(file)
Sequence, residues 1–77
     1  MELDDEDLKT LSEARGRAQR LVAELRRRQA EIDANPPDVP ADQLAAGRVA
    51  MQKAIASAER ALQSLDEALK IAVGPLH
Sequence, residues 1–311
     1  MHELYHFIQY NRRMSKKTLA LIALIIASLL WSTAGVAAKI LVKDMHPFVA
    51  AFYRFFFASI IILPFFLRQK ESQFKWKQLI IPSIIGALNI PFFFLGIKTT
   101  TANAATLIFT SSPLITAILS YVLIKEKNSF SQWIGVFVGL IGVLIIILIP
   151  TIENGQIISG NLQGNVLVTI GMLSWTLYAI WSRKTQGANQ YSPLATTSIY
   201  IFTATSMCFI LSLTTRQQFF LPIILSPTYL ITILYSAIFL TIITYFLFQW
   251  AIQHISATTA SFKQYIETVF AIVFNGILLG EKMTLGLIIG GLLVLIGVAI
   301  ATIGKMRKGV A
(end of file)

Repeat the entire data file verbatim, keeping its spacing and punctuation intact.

Sequence, residues 1–77
     1  MELDDEDLKT LSEARGRAQR LVAELRRRQA EIDANPPDVP ADQLAAGRVA
    51  MQKAIASAER ALQSLDEALK IAVGPLH
Sequence, residues 1–311
     1  MHELYHFIQY NRRMSKKTLA LIALIIASLL WSTAGVAAKI LVKDMHPFVA
    51  AFYRFFFASI IILPFFLRQK ESQFKWKQLI IPSIIGALNI PFFFLGIKTT
   101  TANAATLIFT SSPLITAILS YVLIKEKNSF SQWIGVFVGL IGVLIIILIP
   151  TIENGQIISG NLQGNVLVTI GMLSWTLYAI WSRKTQGANQ YSPLATTSIY
   201  IFTATSMCFI LSLTTRQQFF LPIILSPTYL ITILYSAIFL TIITYFLFQW
   251  AIQHISATTA SFKQYIETVF AIVFNGILLG EKMTLGLIIG GLLVLIGVAI
   301  ATIGKMRKGV A